2018, according to Chinese astrology, is the year of the “inu” or dog. When I was very young, our
family took in a little puppy. She was what we who grew up in Hawaii called a “poi dog”, which simply
means that she was of a mixed breed. She definitely had some terrier in her as she adored the water. I
still remember the first time that I took her to play in the Nuuanu Stream which ran through the temple
property where I grew up. She leaped into the water without hesitation. The property has diminished in
size but it was large enough then that she did not need to be leashed all the time. She was not a very big
dog but she was a great runner and outran bigger dogs that wandered into our yard. She may have been
a bit gruff and a tomboy if I could personify her. In all this, the one characteristic that I remember fondly
about her was that she was always honest. Whenever she thought that she had done something wrong,
or had committed something that she knew we did not approve, she would cower, and be very
apologetic. I do not think that she was in fear. I was convinced that this was not Pavlovian. We
disciplined her when she was a very small pup, but she would display these behaviors even as she got
older, long after we had stopped scolding her. It was as though she knew for herself, what was right and
wrong.
  “Man’s best friend,” is how we characterize dogs. But, this may be a bit presumptive on our part in
assuming that dogs have no volition of their own. Dogs are extremely honest and sincere in their actions
and emotions. When dogs suspect something is wrong, they will bark and try to protect their territory
and their master. By the same token, they will welcome all whom they know, warmly, whether they are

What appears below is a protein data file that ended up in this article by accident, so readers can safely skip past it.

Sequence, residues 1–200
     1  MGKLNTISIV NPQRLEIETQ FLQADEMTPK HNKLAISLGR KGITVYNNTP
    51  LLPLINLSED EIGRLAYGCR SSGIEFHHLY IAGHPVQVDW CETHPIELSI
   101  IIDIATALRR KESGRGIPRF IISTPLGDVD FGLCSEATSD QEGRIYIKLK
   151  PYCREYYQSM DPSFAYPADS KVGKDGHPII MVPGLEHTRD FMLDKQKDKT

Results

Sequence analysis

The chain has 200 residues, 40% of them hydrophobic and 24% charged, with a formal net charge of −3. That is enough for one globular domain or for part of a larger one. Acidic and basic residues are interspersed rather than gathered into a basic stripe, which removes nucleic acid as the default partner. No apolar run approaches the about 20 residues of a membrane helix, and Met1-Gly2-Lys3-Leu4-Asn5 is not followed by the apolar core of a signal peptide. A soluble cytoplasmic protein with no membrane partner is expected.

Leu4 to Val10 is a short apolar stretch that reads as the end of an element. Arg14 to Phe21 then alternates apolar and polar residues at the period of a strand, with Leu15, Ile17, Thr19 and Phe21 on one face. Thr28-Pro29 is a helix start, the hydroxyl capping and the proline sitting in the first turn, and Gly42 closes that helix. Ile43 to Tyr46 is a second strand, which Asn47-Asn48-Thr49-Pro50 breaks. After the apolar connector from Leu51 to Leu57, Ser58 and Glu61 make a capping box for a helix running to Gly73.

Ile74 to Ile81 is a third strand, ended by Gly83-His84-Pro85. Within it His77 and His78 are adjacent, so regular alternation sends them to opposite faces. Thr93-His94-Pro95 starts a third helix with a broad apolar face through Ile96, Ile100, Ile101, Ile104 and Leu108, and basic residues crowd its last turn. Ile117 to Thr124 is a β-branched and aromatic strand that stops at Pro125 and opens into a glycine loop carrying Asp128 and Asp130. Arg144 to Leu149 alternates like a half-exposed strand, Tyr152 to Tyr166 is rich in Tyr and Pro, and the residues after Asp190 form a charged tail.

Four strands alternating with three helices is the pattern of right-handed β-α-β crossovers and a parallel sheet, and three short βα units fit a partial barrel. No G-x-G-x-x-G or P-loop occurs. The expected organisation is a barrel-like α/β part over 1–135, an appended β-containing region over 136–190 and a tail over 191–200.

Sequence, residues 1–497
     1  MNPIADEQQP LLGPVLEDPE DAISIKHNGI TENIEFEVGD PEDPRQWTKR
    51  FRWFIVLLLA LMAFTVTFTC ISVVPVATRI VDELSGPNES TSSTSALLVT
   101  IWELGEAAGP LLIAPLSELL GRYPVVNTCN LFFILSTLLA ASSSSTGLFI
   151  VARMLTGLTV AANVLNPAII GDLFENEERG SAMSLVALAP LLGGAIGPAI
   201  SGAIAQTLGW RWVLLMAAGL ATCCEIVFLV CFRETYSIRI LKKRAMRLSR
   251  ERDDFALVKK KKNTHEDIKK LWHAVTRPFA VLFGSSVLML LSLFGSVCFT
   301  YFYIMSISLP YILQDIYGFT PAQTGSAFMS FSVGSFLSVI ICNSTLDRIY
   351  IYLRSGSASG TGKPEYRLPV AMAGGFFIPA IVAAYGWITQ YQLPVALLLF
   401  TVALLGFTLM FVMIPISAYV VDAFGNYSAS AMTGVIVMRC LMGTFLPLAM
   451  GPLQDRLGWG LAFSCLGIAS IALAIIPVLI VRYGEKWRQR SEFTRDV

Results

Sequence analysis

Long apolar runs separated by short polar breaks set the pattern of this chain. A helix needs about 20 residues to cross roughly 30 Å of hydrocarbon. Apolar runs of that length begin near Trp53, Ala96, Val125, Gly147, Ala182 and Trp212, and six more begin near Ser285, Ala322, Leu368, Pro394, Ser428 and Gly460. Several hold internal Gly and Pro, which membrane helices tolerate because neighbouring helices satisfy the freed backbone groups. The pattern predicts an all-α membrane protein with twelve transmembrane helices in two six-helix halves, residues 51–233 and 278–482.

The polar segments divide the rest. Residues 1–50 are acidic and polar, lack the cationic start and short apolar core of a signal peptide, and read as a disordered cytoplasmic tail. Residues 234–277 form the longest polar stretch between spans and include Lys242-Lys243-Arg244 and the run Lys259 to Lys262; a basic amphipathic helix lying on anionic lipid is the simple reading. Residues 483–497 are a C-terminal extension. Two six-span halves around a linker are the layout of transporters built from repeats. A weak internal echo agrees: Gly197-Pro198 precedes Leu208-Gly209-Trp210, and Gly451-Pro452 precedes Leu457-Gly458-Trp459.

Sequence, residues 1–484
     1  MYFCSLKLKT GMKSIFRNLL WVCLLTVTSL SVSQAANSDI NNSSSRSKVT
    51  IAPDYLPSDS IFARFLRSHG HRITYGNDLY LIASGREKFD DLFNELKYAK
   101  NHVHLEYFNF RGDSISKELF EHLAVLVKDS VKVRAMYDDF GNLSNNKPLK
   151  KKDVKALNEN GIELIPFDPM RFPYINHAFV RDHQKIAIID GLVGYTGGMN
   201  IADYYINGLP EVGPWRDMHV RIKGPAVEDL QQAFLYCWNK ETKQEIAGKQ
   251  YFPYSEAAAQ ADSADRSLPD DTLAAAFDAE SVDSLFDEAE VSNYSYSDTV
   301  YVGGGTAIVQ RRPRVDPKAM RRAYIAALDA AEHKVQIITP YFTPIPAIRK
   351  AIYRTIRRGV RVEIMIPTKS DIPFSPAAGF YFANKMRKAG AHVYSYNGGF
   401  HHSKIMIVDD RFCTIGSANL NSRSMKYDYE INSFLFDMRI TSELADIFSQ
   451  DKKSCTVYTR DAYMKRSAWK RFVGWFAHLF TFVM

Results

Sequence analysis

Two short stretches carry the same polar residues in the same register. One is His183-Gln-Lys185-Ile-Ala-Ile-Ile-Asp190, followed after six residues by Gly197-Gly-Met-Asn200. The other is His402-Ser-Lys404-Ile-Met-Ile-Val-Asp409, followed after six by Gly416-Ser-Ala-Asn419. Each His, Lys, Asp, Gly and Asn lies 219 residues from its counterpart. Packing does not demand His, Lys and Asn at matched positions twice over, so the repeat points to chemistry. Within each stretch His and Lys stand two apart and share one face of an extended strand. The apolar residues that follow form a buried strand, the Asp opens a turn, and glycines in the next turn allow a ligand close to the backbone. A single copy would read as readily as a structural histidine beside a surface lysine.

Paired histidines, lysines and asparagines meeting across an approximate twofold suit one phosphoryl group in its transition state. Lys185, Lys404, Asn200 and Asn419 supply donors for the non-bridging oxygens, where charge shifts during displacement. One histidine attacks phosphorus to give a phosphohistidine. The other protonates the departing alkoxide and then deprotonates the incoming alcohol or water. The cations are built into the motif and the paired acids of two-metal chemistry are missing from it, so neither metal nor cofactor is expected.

human or not. I do not see this as dogs catering to their masters in an obsequious, sycophantic, servile
way. Rather, dogs have nothing to hide, and pour out their emotions exactly as they feel. By contrast, we
humans are not so comfortable with ourselves, or so we become as we get older.
  During a dinner meeting between two leaders, one man once entreated to the other, “I need loyalty.”
And, the other man took exception and demurred by saying, “You will always get honesty from me.” The
subtle exchange, to me, makes a very important distinction. The first man seeks obeisance, and expresses
this under a layer of hidden coercion. To this, the other responds that he is motivated by transparency,
and not loyalty, regardless of whether he is under duress. In our interactions as adults, we tend to
encounter this sort of scenario often. We complicate our communication needlessly with hidden
innuendos. More than often, those in power will assert their dominance, while those in a subordinate
position will succumb to overt power. This manner of interaction is unfortunate as it breeds mistrust,
thereby creating an atmosphere of misunderstanding, animosity, and later, contention. There is a
difference in being loyal and being truthful.
  I am optimistic that this year is the year of the dog. We have something to learn from them. Their
straightforward attitude represents an alternative to how we as humans have communicated to each
other. An earnest attempt to be as honest as possible with whomever we meet may reclaim a more
simple and good life. The Buddha, for example, is not interested in one’s loyalty. Rather, truth is what he
seeks. Loyalty is something that is begotten from respect. Respect can only be gotten from truth. Loyalty
cannot arrive before truth.
  People have misconstrued dogs as being loyal. Rather, I feel that dogs are consistently open and
truthful. As such, they gain their master’s respect. Loyalty naturally grows out from this. Just as dogs
express themselves in sincerity, I hope that we can all live without hidden agendas to find a way to be
honest with each other. Honesty in each and every one of us is the cornerstone of building a responsible
and resilient community. This I hope for 2018.
(Eisei Ikenaga)